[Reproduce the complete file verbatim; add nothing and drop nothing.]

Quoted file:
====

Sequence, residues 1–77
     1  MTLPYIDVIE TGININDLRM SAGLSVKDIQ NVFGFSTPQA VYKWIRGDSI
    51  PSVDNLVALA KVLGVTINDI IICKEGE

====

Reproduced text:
Sequence, residues 1–77
     1  MTLPYIDVIE TGININDLRM SAGLSVKDIQ NVFGFSTPQA VYKWIRGDSI
    51  PSVDNLVALA KVLGVTINDI IICKEGE